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Sit On My Facebook

Iím taking a powder for this monthís CRUMBS Night Out but I wish I could be there. My regular co-host attorney Paul Czech is just back for the Midem music conference in Cannes and will be leading a bodacious panel on the state of the music industry. Joining Paul will be our pal, Philadephia mega-music attorney Bernie Resnick, local music legend Gary Tash, and recording studio owner Tim Lynch. What a freakiní panel! And on top of that there will be a set of music by flirting-with-the-big-time teenagers Stuck on Stupid. This is at the Linda on Central Avenue, Thursday the 26th.

And now for something completely different: Last summer I met violinist/electronic musician Todd Reynolds (Bang on a Can, Meredith Monk, Yo Yo Maís Silk Road) at a party in Pittsfield. He seemed like a cool dude, so I invited him to be a guest on my radio program, The Splatto Festival, on WBCR-LP in Great Barrington. A month or so later I introduced Todd to ace percussionist/sound designer Ed Mann (Zappa, a bunch of solo albums, a lifetime of major session work, etc.); Ed and Todd decided they should play together sometime. I figured that adding my pal free-jazz saxophonist Dave Barrett (Splatter Trio, No Sisters) would make for a nice trio, so I asked Dave to join the fun. Then master bassist Michael Bisio happened by and I invited him, too. So, last September 19th, these four prodigiously talented and crazy musicians all met for the first time at WBCR-LP studios in Great Barrington, and, after introductions and small talk, improvised live on the air for 90 magical minutes. It went so incredibly well and was so much fun that they decided on the spot to form a band, The Splatto Festival Chorus, named after my radio show. The SFC will be at the Sanctuary for Independent Media in Troy this Saturday at 8 PM for a concert and CD/DVD recording session. You can download the September broadcast at my radio blog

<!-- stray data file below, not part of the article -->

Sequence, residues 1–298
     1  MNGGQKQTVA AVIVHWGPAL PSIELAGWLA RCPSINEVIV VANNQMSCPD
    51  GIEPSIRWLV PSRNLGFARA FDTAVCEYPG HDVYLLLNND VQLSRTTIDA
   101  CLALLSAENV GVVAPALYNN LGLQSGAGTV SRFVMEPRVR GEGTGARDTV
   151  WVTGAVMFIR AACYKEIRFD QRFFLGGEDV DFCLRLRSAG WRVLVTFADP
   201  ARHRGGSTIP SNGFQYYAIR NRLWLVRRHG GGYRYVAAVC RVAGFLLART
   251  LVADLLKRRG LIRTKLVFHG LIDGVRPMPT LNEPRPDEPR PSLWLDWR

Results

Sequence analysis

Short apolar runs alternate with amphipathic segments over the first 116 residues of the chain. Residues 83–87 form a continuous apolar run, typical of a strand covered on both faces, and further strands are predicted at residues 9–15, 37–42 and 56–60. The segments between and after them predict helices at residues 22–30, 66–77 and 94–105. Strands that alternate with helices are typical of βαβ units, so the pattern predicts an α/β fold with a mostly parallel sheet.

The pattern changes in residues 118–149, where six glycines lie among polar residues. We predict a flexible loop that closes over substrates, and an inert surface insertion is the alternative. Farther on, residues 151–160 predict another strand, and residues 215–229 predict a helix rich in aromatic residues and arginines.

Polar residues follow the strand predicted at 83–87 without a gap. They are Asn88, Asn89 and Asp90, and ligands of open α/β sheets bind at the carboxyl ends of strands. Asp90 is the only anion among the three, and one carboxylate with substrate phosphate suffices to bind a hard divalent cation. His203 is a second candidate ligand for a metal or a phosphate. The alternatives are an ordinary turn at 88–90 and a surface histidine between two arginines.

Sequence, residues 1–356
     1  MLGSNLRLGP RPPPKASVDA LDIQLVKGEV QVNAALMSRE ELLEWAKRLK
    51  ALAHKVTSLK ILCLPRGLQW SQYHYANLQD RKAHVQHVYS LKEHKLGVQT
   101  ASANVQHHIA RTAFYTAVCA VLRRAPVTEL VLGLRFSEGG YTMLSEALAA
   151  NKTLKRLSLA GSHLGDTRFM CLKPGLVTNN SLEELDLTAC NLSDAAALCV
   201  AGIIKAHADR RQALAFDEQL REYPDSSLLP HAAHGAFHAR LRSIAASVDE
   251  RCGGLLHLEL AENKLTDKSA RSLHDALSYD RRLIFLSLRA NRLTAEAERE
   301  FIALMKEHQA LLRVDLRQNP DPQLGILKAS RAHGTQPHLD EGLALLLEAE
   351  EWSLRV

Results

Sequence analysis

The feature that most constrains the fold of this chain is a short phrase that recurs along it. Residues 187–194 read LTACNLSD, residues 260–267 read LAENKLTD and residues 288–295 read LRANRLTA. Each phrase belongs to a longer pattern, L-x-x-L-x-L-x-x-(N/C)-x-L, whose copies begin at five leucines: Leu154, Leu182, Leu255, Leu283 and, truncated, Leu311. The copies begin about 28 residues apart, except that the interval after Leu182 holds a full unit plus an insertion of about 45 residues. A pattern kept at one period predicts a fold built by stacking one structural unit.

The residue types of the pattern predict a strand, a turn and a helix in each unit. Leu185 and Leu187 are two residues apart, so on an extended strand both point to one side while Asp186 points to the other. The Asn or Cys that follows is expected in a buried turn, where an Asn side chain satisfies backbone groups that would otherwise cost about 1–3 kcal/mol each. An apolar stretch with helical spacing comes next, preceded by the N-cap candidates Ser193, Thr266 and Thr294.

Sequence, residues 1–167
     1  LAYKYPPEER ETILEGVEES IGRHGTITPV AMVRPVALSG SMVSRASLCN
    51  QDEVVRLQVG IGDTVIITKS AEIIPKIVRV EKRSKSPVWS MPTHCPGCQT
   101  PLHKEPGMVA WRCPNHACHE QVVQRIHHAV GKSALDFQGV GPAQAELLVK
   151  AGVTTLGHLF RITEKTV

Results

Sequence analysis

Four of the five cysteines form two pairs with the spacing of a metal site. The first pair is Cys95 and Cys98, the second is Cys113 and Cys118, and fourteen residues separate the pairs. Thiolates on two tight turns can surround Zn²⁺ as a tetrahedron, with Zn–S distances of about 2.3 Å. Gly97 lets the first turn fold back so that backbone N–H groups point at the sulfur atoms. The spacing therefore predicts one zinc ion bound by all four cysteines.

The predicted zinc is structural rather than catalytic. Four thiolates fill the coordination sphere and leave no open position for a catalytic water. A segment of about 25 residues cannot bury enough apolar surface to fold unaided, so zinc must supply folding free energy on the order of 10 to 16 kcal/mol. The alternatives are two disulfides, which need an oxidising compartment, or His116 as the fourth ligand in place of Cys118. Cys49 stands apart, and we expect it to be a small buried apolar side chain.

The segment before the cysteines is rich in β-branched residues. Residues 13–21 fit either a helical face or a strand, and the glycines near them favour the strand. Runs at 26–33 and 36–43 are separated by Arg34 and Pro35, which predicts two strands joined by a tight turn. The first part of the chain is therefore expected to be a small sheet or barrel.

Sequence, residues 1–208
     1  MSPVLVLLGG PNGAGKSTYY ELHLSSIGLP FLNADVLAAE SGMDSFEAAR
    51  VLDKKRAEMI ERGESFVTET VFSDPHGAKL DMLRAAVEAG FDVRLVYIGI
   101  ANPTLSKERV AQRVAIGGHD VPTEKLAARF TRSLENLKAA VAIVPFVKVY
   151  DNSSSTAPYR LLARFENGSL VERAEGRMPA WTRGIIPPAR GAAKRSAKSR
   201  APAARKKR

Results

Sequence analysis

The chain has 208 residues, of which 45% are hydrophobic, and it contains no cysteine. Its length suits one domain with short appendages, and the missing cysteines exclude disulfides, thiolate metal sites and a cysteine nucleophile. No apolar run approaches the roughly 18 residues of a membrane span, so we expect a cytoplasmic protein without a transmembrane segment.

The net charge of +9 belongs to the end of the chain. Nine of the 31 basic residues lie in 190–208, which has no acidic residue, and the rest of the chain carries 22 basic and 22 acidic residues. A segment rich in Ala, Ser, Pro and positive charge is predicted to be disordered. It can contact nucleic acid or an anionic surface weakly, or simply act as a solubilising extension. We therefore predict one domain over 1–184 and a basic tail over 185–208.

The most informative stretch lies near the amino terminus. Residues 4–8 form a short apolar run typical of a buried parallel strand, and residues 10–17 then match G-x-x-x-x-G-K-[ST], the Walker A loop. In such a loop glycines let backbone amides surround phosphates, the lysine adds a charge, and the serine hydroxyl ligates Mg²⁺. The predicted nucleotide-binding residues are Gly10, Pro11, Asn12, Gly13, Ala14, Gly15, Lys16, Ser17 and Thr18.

Iíve received a barrage of inquiries about this whole Facebook terms of use debacle that just happened. Iím usually all over this stuff, and Iím an avid Facebook user, but the fact is Iíve been on vacation in the middle of Mexico with my brain turned off for the past week. From the hysterics Iíve heard, it seems like a combination of out-of-it weenie lawyers, corporate stupidity, consumer paranoia, and a social networking paradigm everyone is struggling to get their minds around. And thatís just about right.

From what Iíve read, Facebook was trying to get its terms of use to comport with reality. When someone leaves Facebook and takes down their page, that personís footprints will be all over Facebook: There will be posts to friendsí sites, photos tagged on friendsí sites, stuff all over the place. Thatís the nature of social networking. Facebook tried to change the terms of service to say that when you leave Facebook, these footprints will remain, and you acknowledge that. Facebook will still have some of your stuff.

Of course, the new terms of use were stated in dense legalese, with over-broad terms that could be interpreted to mean that Facebook was suddenly glomming all your stuff for any purpose forever. I mean, the new terms were ridiculous.

Oops! The outcry was loudónot terribly well-informed, but effective nonetheless. After some statements that sounded like ďwell maybe thatís what we said but itís not what we meantĒ corporate double-speak, the threat of lawsuits, and the formation of a bunch of Facebook groups proclaiming a revolt against all things Facebook, the new terms of use were rescinded and the old ones put back in place. The Facebook powers-that-be are now saying that new terms will be developed in collaboration with the Facebook ďcommunity,Ē last pegged at something like 175 million users. Good luck with that.

Whether this was much doo-doo about nothing or not, it actually proves, once again, the brilliance and vibrancy of social networking structures. Word gets out, gets discussed, and things happen on these sites with incredible speed and power. Sometimes information is exaggerated and imprecise, just like in the real world, but the truth eventually comes out, just like in the real world. Except so much faster, so much bigger, and so much more effectively.

There was in reality little real harm that some corporate entity was going to steal your stuff. If that started happening there would be such an exodus from Facebook that the company would collapse overnight. But some loose language was fixed, some uncertainties clarified, and a company was corrected. Virtually overnight.

óPaul Rapp

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